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Federal Funding to provide National Deafblind Information Hub

Senses Australia, the national not-for-profit organisation who provides individualised support with people with disabilities, has been announced as a grant recipient from the federal government.  The funding was in the form of an Information Linkages and Capacity (ILC) National Readiness Grant, in the Activity Area: Information, Linkages and Referrals.

With the $475,000 funding received, Senses Australia will establish and implement a National Deafblind Information Hub over the next two years that will be available online.  Other grant recipients can be found at this link :

Dyke (2013) estimated that 99,800 Australians have combined vision and hearing loss, equating to 0.4% of the Australian population.

The grant will provide this population, their families and other support networks with access to up-to-date and relevant information, as well as links to services and supports in the community.  This includes the National Disability Insurance Scheme (NDIS), community and government services.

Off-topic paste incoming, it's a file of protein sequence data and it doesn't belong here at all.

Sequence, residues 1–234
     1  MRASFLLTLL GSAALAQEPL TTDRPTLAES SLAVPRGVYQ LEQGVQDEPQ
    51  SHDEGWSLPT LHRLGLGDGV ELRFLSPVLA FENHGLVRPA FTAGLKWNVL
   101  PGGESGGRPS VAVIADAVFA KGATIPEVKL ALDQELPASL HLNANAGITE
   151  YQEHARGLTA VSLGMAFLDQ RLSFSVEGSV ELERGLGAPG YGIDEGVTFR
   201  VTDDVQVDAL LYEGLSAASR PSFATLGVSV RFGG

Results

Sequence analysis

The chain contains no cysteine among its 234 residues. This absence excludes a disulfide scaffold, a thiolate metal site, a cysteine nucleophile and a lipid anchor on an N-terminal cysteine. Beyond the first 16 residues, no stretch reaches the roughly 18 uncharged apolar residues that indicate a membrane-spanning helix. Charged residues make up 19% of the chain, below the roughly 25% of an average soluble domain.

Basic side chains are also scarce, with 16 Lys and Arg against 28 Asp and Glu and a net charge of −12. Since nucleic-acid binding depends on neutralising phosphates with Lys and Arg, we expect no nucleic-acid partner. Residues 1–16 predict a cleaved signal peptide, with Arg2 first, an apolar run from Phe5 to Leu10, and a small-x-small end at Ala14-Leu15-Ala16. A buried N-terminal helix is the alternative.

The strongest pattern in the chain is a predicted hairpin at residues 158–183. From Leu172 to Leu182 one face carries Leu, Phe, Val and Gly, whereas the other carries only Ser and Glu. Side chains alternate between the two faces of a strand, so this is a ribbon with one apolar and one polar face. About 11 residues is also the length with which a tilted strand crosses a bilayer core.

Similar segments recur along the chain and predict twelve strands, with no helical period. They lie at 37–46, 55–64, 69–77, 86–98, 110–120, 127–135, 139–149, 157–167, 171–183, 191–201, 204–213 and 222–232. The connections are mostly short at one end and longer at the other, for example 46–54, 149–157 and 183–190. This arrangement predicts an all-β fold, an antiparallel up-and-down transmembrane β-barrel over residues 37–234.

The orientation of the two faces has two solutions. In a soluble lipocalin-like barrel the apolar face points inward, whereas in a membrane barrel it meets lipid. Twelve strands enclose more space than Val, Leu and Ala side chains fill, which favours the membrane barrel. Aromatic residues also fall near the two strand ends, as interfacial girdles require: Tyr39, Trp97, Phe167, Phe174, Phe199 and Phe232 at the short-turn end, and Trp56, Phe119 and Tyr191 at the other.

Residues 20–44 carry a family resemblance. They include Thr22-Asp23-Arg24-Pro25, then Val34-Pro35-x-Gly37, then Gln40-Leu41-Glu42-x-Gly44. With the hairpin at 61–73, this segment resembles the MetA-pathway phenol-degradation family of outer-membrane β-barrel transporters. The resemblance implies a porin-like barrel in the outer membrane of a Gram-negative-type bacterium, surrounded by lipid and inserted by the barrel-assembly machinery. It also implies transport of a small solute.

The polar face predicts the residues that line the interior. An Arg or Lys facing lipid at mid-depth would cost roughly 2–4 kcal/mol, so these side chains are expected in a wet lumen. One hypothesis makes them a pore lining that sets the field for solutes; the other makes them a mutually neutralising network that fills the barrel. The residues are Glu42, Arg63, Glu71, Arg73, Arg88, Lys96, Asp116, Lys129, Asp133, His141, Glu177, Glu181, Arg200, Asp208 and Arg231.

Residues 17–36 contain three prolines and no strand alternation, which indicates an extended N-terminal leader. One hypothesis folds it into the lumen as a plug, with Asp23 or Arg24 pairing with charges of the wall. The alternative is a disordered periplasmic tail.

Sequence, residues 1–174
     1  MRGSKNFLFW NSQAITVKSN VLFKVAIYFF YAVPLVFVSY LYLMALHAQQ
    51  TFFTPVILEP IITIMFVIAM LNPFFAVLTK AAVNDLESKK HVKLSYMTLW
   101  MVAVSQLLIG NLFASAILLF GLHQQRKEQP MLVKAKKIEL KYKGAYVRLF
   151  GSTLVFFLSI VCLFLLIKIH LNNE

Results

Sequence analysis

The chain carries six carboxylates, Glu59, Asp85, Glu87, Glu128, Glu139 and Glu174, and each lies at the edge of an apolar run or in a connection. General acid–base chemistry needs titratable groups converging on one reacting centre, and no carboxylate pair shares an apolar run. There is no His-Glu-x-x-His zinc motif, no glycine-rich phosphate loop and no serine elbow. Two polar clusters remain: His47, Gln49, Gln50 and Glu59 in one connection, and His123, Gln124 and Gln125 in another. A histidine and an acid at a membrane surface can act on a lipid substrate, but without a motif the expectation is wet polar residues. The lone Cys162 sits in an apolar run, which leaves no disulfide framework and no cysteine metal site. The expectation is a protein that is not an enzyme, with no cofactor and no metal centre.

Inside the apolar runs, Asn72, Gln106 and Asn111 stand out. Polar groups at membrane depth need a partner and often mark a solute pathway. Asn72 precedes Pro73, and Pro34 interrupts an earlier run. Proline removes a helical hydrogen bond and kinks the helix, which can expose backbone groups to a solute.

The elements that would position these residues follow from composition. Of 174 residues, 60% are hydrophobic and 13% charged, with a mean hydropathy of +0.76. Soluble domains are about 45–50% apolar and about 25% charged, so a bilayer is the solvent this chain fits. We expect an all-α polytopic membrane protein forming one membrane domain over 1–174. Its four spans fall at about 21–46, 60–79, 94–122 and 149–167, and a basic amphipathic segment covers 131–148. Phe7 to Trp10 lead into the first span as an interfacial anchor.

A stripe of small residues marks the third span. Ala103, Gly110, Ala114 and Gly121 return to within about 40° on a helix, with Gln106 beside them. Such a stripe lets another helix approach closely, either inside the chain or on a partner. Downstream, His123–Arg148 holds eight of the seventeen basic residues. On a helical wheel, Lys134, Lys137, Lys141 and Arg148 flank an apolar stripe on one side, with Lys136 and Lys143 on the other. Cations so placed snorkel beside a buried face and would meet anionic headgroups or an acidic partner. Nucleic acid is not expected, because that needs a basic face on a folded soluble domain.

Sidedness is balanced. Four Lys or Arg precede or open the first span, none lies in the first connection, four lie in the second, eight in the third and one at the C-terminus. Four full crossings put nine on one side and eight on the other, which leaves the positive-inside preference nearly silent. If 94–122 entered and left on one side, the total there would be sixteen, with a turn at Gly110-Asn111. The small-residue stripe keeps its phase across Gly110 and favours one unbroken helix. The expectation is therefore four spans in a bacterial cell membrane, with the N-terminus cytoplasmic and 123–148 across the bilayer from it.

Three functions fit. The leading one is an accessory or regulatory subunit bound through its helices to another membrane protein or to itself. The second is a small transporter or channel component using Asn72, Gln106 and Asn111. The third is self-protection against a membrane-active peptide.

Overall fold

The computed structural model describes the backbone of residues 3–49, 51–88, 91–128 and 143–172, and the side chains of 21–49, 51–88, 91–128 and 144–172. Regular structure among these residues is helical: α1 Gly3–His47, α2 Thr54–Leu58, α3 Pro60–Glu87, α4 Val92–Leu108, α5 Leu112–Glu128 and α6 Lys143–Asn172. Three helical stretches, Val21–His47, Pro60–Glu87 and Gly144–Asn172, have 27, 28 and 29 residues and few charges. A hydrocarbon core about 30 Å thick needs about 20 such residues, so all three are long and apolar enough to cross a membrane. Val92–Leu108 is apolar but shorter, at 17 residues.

This assistance will incorporate a program of real time and recorded webinars, face-to-face capacity-building opportunities, access to advice, information and support from a skilled deafblind consultant.

CEO of Senses Australia Lisa Brennan said that ‘Deafblindness poses significant barriers to accessing information. This Hub will ensure deafblind people have access to timely, accurate and accessible information.  Auslan interpreters will be used as required, to access advice about how to advocate for accessible services, and strategies for independent living. They will also be able to access deafblindness specific information, services and supports that will best meet their individual needs.

Our team at Senses Australia has a long and proud history of providing high quality services to people who are deafblind. We are looking forward to continuing this support via the National Deafblind Information Hub to ensure positive outcomes for this unique and diverse population.  As a not-for-profit organisation, grants like this make a huge difference to the services that we can offer, as does donations from businesses or the general public.’

Lisa further noted that being online meant that their expert staff would be accessible throughout Australia, and the use of Auslan interpreters will be readily available.

The National Deafblind Information Hub can be accessed via  Clients and their support networks are asked to register their details through this website or email to keep up to date and receive alerts when new information is published.

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